zmag, Since the inception of the Italian presidency of the Council of the European Union, it's only too normal that Rome has become the hotspot of international political summits to define the future course of EU foreign and domestic policy.
So while media attention was focused on the EU Intergovernmental Conference, inaugurated in Rome on October 4 with an Extraordinary Summit of the Heads of State and Government of the EU (and the protests accompanying it), another no less controversial political event was taking place on the same week-end in the Italian capital: a closed-doors two-days conference organized by the Italian section of the Aspen Institute and by the New Atlantic Initiative of the American Enterprise Institute (http://www.aei.org/research/nai/projectID.11/default.asp) under the auspices of the Italian Government.
Title of the event: “Relaunching the Transatlantic Partnership: Common Goals and Shared Values”; in other words, how to mend the rift between the two sides of the Atlantic, created, according to many, by decision of the Bush administration to unilaterally attack and invade Iraq, with the only support of a scant “coalition of the willing”.
Among the exclusive (in the most literal sense of the word) list of invited guests, besides the Italian vice Prime Minister, the Defense Minister, the Minister of Foreign Affair and a host of journalists, ministers, MPs, academics, diplomats and top managers from all over Europe, the who's who of the AEI, the most influential US neoconservative think tank: from president Christopher DeMuth to vice-president Danielle Peltka, accompanied by a small crowd of scholars and fellows (twelve overall); among them, Richard Perle and Michael Ledeen, arguably two of the strongest advocates of an endless “war on terror”. Completing the list of American guests, among others, John R. Bolton, Undersecretary of State for Arms Control and International Security, and Gary Schmitt, executive director of the Project for the New American Century, the neocons front groups whose letters to the President have largely anticipated the current developments of US foreign policy.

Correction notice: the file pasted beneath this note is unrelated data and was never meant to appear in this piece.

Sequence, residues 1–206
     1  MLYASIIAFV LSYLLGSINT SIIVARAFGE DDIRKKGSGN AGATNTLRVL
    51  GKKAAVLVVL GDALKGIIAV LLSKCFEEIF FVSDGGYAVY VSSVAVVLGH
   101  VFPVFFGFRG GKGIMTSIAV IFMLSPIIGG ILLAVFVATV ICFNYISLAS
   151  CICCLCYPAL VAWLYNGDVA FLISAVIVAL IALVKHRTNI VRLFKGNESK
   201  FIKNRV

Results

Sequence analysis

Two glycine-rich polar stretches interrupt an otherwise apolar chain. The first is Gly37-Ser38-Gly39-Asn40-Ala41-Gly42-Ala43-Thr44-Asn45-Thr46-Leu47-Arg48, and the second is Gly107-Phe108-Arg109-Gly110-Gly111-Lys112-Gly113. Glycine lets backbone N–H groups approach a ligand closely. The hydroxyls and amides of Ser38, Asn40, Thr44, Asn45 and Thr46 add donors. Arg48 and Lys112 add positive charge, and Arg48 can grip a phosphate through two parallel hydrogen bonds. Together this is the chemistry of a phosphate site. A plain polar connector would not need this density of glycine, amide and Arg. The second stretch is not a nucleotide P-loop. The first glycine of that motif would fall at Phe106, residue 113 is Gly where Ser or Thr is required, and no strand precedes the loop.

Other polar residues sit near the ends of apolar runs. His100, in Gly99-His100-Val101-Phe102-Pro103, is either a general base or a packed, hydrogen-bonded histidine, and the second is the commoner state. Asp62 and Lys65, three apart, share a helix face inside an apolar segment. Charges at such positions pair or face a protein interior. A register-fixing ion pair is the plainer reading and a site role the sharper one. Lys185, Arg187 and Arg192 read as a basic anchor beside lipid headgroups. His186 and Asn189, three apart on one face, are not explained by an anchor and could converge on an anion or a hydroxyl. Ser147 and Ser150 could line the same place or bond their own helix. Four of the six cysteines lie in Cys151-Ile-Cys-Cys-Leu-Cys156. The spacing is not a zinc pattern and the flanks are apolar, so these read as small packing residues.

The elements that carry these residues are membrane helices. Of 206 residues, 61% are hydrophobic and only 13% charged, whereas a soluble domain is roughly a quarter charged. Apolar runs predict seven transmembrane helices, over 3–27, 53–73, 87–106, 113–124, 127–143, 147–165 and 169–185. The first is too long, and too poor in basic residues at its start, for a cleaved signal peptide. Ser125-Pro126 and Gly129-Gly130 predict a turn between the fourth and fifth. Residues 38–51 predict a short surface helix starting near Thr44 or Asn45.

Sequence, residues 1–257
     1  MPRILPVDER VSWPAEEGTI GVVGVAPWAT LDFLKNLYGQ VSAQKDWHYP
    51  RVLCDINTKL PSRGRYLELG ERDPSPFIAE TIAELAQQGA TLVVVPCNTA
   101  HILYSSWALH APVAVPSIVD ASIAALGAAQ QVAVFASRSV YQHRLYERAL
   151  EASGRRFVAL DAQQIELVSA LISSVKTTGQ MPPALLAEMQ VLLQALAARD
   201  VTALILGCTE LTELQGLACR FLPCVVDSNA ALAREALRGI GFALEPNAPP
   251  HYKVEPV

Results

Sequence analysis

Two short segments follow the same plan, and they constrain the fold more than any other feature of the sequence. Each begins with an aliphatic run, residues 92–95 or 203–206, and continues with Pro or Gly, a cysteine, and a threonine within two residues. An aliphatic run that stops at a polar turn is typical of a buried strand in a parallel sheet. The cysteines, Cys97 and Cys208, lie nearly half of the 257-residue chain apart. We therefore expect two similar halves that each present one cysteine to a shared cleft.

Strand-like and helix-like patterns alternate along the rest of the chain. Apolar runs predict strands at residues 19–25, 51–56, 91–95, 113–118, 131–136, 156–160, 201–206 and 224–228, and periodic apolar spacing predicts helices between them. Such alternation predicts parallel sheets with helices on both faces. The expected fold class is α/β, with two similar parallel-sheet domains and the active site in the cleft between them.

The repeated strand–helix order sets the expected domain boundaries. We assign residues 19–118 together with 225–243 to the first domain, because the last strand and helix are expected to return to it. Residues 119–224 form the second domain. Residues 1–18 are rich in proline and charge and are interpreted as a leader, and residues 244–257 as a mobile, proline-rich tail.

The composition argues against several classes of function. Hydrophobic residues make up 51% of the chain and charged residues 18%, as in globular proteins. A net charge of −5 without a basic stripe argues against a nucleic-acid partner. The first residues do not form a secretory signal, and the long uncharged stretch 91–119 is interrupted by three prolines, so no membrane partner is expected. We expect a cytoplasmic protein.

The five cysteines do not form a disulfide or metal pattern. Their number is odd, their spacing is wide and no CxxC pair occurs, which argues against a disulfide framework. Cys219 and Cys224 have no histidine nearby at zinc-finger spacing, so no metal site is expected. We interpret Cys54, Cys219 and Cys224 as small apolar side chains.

So what were neocons doing in Italy? According to Michael Ledeen, the two-day event, which saw guests confronting themselves with issues going from the challenges of “democratization” of the Middle East to the role of NATO in fending off the current “threats” to international security, is one of several “friendly get-togethers” regularly held since the fall of the Berlin Wall in 1989. And as such it was treated by a few of the journalists attending, who provided only minimal coverage, bordering at times on sheer gossip (see for example the articles by Anne Applembaum and Beppe Severgnini, on the Washington Post and the Corriere della Sera, respectively, highlighting the different oratory style of European and American politicians, as if that was the only element worth focusing on).
Yet the political significance of the event cannot be underestimated, if we think about the critical moment this took place: on the one hand, the beginning of the EU Intergovernmental Conference to approve, by the end of the year, the draft European Constitution – the discussion being dominated, among others, by the thorny subject of Europe's geopolitical role vis-